Andrew Oldcorn on his equal measure of joy and tears in golf

Andrew Oldcorn was born in England and played amateur golf for England, but has lived in Scotland for more than 50 years and, after a long fight, has proudly flown the Saltire in the paid ranks for the past 20 or so years.

Andrew Oldcorn in action during the first round of the 2019 Murhof Legends: Austrian Senior Open in Frohnleiten. Picture: Phil Inglis/Getty Images.

His career has had some low points, including a battle with ME, but he also hit some memorable heights, notably a win in the PGA Championship at Wentworth, the 20th anniversary of which is this year.

Oldcorn recently carded a 59 at Ratho Park, where he played as a junior and is now flying the flag for the Lothians club as an ambassador.

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Take us back to Bolton, where you were born, and did you start to play golf in your time living there?

Andrew Oldcorn holds the trophy after winning the 2001 Volvo PGA Championship at Wentworth. Picture: Andrew Redington/ALLSPORT.

AO: My mum and dad, Jean and John, were both born in Bolton, so the roots of my family originated in Lancashire. We moved to Formby when I was four and we lived there for another four years before moving to Edinburgh in 1968. My dad was a member at Southport & Ainsdale and he took up golf because his brother, my uncle Vic, lived in Troon and played. We were in Corstorphine when we first moved to Edinburgh then moved to Balerno in early 1969 and, while my mum passed away 13 years ago, my dad is still with us and is still in that same house. The year I went to Currie High School, Ewen Murray, who was at Baberton at the time and now, of course, works for Sky Sports, left.

So where did you start playing golf?

AO: I think I can recall a vague memory of walking round Southport & Ainsdale with my dad once just before we moved up to Scotland but I hadn’t touched a club by then. My uncle Vic was in the RAF and became an air traffic controller at Prestwick and he played his golf at the three Troon municipal courses - Darley, Lochgreen and Fullarton. My cousins, both girls - the younger one is Karen Ballantyne - had started playing golf and I tagged along and asked if I could have a go and that was it. I would be about 10 years old at the time. My dad joined Dalmahoy, the original club there, and that’s where I became a junior member at 12 or 13.

Was there anyone at that time who had an influence on you really getting into the game?

Andrew Oldcorn celebrates winning the 2001 Volvo PGA Championship at Wentworth. Picture: Stephen Munday/ALLSPORT.

AO: Yes, Dalmahoy had a wonderful secretary at that time, a guy called Gilbert Clark. He was a real champion of having juniors at the golf club. He really encouraged youngsters, which was against the trend in that era. Juniors were an afterthought and they weren’t really accommodated that well at too many clubs. But Dalmahoy was different. Scott Macdonald, who went on to play in the Walker Cup, was there when I joined, and they had countless Lothians players, as well as Scotland internationalists. I was lucky that at a very young age to be in an environment of good players. I remember Gilbert saying to me, ‘if you are good enough, I am happy for you to start playing in senior medals’. As usual, you got the odd person who didn’t like the thought of a 14 or 15-year-old scrawny kid playing in the senior medals, but we were also lucky at that time to have David Ingram the club pro and he took me under his wing and gave me on-course lessons and so on. Around that time as well, the Lothians were starting to do some coaching for juniors and I came to the attention of Graham Ewart, who was a prominent figure at the time. I had a lot of good people around me at an early age, which made a big difference.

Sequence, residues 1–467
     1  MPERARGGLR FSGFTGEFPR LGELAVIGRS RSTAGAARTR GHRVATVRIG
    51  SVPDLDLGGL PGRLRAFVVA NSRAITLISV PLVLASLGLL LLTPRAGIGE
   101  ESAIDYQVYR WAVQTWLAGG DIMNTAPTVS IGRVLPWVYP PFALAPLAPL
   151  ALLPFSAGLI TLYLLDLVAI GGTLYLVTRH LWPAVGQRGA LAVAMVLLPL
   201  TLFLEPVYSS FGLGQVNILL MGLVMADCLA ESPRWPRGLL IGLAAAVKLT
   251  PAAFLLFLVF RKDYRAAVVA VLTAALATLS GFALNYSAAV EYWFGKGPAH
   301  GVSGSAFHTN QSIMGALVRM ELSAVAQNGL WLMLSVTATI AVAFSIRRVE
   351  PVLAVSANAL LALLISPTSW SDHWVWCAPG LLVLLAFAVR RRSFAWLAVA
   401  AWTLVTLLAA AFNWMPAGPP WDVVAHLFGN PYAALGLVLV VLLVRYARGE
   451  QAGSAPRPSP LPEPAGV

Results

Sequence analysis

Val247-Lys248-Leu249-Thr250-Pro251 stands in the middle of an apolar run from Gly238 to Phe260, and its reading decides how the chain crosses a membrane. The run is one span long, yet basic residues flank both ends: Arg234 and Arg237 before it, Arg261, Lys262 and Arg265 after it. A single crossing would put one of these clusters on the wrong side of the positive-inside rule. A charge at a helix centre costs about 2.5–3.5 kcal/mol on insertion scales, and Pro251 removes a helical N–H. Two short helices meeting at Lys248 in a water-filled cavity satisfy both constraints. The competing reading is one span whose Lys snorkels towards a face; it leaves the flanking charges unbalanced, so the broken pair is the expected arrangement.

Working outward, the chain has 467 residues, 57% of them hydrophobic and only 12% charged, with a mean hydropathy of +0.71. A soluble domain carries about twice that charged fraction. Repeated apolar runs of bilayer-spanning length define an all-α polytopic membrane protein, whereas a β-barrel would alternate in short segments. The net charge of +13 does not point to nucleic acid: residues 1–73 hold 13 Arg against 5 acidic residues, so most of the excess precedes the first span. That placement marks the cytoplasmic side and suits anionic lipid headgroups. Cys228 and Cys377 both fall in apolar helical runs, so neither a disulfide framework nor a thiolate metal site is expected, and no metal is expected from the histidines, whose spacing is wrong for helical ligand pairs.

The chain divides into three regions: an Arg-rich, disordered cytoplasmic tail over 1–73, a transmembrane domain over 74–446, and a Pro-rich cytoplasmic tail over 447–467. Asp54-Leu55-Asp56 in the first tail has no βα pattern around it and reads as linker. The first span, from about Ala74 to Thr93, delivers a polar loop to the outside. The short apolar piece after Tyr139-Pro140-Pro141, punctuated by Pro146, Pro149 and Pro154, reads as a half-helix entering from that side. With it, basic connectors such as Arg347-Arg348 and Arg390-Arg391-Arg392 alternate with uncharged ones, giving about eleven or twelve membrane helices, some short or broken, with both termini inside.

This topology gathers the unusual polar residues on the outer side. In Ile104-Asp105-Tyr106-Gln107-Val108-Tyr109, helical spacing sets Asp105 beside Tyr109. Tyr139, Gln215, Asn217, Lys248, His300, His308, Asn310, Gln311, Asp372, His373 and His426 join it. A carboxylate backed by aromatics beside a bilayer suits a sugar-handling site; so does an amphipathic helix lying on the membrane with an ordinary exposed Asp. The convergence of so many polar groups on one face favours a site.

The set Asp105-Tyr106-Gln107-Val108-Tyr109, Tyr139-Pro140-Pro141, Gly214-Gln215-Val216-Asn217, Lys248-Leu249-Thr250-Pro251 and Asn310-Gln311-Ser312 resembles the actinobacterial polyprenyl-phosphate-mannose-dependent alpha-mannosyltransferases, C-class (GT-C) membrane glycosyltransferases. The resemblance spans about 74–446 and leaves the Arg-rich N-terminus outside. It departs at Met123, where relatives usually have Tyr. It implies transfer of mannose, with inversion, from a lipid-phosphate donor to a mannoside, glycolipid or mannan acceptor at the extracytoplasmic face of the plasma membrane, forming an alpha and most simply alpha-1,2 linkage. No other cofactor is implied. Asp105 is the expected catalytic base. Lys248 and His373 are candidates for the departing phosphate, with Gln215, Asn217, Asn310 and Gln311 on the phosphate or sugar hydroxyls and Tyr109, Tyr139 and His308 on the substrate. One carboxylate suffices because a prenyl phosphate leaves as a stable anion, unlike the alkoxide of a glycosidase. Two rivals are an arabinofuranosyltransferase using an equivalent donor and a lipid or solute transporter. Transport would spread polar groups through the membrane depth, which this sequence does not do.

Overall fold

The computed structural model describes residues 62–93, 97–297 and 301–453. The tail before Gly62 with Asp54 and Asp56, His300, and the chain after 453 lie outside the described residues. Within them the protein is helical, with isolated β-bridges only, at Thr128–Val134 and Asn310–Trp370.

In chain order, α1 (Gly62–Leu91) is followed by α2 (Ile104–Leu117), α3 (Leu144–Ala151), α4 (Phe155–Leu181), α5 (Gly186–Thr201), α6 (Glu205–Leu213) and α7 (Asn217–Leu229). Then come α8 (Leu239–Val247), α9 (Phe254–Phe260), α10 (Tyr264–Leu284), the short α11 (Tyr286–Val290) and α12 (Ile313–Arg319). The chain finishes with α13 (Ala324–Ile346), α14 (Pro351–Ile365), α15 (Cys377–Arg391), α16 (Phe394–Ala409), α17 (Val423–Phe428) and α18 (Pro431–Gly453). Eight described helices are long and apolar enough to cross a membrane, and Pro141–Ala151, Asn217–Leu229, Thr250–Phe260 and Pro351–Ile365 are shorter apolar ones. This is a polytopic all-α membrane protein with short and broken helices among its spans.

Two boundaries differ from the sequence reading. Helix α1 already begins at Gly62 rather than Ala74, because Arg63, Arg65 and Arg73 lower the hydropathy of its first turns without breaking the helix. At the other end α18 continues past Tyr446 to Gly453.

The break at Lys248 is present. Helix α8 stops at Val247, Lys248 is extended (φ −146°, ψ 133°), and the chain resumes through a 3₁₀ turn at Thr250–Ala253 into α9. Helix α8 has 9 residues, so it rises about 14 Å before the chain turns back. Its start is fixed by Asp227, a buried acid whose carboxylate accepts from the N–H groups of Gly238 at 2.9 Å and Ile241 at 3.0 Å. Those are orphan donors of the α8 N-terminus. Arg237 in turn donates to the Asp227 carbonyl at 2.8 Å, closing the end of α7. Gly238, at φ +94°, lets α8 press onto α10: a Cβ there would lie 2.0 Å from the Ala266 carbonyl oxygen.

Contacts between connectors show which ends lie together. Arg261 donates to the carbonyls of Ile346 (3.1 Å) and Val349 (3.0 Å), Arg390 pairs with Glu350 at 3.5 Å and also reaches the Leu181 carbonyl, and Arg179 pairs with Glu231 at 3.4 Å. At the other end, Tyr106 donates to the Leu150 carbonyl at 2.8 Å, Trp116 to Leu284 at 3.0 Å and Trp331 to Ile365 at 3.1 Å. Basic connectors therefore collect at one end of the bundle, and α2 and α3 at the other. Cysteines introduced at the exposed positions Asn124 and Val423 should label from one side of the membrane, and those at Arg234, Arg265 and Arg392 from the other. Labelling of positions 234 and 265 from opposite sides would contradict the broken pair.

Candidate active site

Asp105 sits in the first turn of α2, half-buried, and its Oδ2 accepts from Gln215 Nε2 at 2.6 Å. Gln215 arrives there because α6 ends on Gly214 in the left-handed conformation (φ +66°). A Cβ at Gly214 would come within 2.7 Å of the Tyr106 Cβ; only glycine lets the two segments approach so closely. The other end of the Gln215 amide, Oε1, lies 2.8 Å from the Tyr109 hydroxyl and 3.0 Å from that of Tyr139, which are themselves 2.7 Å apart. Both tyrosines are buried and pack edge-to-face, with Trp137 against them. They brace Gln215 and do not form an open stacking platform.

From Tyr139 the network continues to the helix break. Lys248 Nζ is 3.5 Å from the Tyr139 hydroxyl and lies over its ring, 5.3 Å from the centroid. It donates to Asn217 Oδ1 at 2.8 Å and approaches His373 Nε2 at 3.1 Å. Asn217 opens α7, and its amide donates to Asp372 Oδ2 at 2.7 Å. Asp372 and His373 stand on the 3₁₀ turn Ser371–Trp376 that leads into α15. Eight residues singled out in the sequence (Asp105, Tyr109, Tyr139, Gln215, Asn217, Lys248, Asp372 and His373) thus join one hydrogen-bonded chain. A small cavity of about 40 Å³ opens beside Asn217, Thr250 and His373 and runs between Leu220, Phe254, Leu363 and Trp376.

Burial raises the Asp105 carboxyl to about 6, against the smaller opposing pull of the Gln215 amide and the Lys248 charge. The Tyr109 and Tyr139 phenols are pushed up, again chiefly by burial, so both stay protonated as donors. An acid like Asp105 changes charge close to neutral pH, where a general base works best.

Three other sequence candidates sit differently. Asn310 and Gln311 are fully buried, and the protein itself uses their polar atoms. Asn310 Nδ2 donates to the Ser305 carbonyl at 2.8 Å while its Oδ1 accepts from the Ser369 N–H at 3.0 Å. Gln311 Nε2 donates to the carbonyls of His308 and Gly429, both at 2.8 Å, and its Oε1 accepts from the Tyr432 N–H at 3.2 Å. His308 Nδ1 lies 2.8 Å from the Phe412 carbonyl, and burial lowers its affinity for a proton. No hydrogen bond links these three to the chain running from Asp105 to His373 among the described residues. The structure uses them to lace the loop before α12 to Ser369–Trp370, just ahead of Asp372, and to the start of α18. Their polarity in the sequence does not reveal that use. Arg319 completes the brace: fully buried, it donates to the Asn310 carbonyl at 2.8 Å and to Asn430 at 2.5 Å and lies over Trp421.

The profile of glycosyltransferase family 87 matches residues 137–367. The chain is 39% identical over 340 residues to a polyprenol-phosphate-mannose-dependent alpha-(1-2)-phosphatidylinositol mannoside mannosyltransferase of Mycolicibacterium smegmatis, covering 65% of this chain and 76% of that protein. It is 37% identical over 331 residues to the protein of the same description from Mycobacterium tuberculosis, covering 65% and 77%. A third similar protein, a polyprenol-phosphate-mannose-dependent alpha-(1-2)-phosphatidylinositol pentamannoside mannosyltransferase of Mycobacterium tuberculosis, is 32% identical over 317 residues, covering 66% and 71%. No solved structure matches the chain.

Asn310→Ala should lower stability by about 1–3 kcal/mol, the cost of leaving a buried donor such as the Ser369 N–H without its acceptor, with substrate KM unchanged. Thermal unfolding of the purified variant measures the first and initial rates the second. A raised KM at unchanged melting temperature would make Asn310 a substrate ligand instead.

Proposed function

When did you start to think that you might have a chance of making real headway in the amateur ranks?

AO: I won the Lothians Boys in 1976 when I was 16 and it was about that time I started to take it much more seriously. I had started to play football and I preferred that more than golf, to be honest. But I turned my ankle really badly in a game at school when I was about 15 and, with that in the back of my mind and through my dad’s encouragement, I started to play a bit more golf. To be honest, I always needed a bit of encouragement along the way because I never really thought I was good enough. When I won the Lothians Boys, that set me on a trajectory.

At that time, of course, you couldn’t play in the Scottish Boys Championship due to having been born in England, as was the case with Sandy Lyle?

Andrew Oldcorn poses with wife Kirstin and baby during the 2001 Victor Chandler British Masters at Woburn. Picture: Andrew Redington/ALLSPORT.

AO: I first met Sandy, who was already a prodigy, when the British Boys Championship was held at Bruntsfield Links in 1975 and, by pure chance, it was also around then that I came to the attention of somebody else who proved to be very important in the next stage of my career and that was Gerald Micklem. He was an ex-president of the English Golf Union and a Walker Cup selector. He was Mr English Amateur Golf and it was through him that I was picked for England. I remember Duncan Currie, who was with the Scottish Golf Union, telling me that they wanted to pick me for Scotland Boys for the Home Internationals, but I said to him that I didn’t think that would be allowed on the basis of residency. Anyway, I was picked the following year for England Boys and it was really weird as I ended up playing against guys who I knew through playing amateur golf in Scotland but cross-border trips had been few and far between for me at that point, so I didn’t know anyone in the England team other than by their name (laughing). It was really bizarre, actually, and I think the English lads were asking, ‘who’s this guy?’ when I turned up.